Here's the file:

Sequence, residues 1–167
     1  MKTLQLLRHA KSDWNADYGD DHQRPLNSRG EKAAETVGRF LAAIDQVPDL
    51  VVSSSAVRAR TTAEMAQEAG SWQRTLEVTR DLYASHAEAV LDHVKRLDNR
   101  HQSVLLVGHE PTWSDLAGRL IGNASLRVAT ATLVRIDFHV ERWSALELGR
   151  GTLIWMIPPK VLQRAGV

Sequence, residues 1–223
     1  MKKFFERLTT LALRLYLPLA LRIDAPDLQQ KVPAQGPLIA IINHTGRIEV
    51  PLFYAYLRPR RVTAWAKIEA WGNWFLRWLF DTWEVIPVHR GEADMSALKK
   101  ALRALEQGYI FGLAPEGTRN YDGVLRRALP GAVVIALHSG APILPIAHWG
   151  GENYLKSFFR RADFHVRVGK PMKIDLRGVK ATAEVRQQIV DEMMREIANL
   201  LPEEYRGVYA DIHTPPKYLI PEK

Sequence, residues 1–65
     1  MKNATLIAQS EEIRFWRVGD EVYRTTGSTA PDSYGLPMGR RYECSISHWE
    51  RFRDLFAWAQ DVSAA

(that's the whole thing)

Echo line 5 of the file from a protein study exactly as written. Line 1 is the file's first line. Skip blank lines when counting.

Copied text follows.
   151  GTLIWMIPPK VLQRAGV